When Jacob has aroused the murderous anger of Esau after fooling both his brother and his father Isaac, he does not flee to an unknown or unweighted location. In Genesis 27:43, Rebecca tells Jacob, "Now listen to me, son. Flee at once to Haran, to my brother Laban." Then we are told in Genesis 28:10 that Jacob leaves Be'er Sheva and embarks on his journey to Haran.
When I read these two verses, my mind went instantaneously to another place in the Bible where Haran is mentioned. Haran becomes a crucial locale in the family story of Abraham and Sarah, where we learn in Genesis 12:5 that Abraham and Sarah had "created souls." According to Midrash, this is where Abraham and Sarah had converted many people to Judaism. Thus, it was in Haran that the Jewish community expanded and came to include individuals other than our original patriarch and matriarch (Genesis Rabbah 39:15). It was in Haran, according to tradition, that Abraham and Sarah brought those around them under the wings of the Shechinah through serving as teachers and guides, and according to the Talmud (Sanhedrin 99b), when one teaches Torah to a disciple it is as though he/she/they had formed and created these individuals themselves. Haran is a location of teaching, leadership, and influence -- it is a wellspring of Torah and creation.
Also worth noting is that in Esther Rabbah 6:2, we learn that Abraham's behavior in Haran was the model of Mordechai's legacy in Persia:
Just as Abraham threw himself into the furnace, came out alive, and caused people to recognize God -- this being what is referred to by the verse "and the souls they made in Haran" -- Mordechai also helped people recognize God in his own day as it says "And many people of the land converted to Judaism." [In conclusion] he attested to the unity of God and His holiness and was therefore called "the Jew".
While the contemporary Jewish community does not embrace of condone proselytizing, these two stories emphasize the positive and generative consequences that come from Jewish leaders exhibiting personal righteousness, integrity, and willingness to share wisdom. Whether it was Abraham and Sarah's hospitality and teaching in the desert, or Mordechai's courage to confront injustice, these individuals drew people near to Judaism, our people, our God, and our tradition through their kind and courageous action. Haran is the location that at once is 1) the origin of a true Jewish community (as opposed to an individual family) and 2) a place that emphasizes the importance of individual example and integrity.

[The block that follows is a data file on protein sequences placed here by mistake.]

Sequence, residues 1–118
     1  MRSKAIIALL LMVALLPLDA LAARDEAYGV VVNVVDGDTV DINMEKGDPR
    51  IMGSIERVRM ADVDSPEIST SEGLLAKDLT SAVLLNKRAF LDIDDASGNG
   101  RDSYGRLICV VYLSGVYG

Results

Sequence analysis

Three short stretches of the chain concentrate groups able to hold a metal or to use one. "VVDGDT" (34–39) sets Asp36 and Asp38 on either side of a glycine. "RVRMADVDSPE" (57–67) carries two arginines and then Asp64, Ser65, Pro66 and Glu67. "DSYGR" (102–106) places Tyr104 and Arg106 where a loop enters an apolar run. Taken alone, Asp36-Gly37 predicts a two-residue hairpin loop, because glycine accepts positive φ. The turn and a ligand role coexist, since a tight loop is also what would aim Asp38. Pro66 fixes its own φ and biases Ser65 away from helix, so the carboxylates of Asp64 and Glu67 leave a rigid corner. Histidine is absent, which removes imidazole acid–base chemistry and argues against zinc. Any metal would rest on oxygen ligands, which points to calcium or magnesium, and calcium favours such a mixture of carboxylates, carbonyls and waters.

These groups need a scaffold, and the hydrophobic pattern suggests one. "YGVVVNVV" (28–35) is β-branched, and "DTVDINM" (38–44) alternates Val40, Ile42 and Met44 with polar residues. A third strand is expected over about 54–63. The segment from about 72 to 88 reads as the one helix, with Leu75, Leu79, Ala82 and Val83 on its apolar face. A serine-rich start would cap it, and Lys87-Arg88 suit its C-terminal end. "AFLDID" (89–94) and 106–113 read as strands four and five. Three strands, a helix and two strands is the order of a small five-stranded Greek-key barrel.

Haran is not just where Laban, Rebecca's brother, happens to live. It is not just a physical location where Jacob just happens to find refuge until Esau's anger abates. Rather, it is a place of healing and history. In the Talmud (Chulin 91b), Jacob's arrival at Haran was miraculous and deeply meaningful.
חולין צ״א ב:ו׳
וכתיב ויפגע במקום כי מטא לחרן אמר אפשר עברתי על מקום שהתפללו אבותי ואני לא התפללתי כד יהיב דעתיה למיהדר קפצה ליה ארעא מיד ויפגע במקום
As it is written: “And Jacob went out from Beersheba and went toward Haran” (Genesis 28:10). And it is written thereafter: “And he encountered the place, and he slept there, because the sun had set” (Genesis 28:11). When Jacob arrived at Haran, he said: Is it possible that I passed a place where my fathers prayed and I did not pray there? When he set his mind to return, the land contracted for him. Immediately the verse states: “And he encountered the place,” indicating that he arrived there miraculously.
If you look at the Hebrew, the term translated as "encountered" is actually "v'yifgah ויפגע"which means that the place injured him, or almost smacked him in the face. After a spiritually brutal encounter with his brother, reflecting not only God's will, but Jacob's less than attractive trickery, Haran smacks Jacob in the face. He almost passed through it without recognizing its holiness and history, but Haran would not allow Jacob to pass onto his future without reckoning with this place's (and Jacob's family's) own past. In order for Jacob to become the father of all Israel, he needed to pray and engage with the Torah of this place, and connect with the ways in which it had become a tableau of personal integrity, hospitality, and inspiration.
As we explore Parashat Toldot this year, let us think about the fraught, weighty places in our past that bring us to a better future. Where is our Haran? Where in our ancestral stories can we find places that inspire others to join us in our journey to create a better world? Where can we locate spaces of Torah, learning, exploration, and embrace? And how can we return to those places for healing and replenishment, even if those places are not simple, abundant, convenient, or purely good in our memories? Let us think about the value of those places that brought out the best of who we and our ancestors were, and how to mine those places in order to spearhead movements that will be positive, remembered, and transformative.
If you want to see all of the sources that I called upon for this piece, check out a Haran themed source sheet on Sefaria.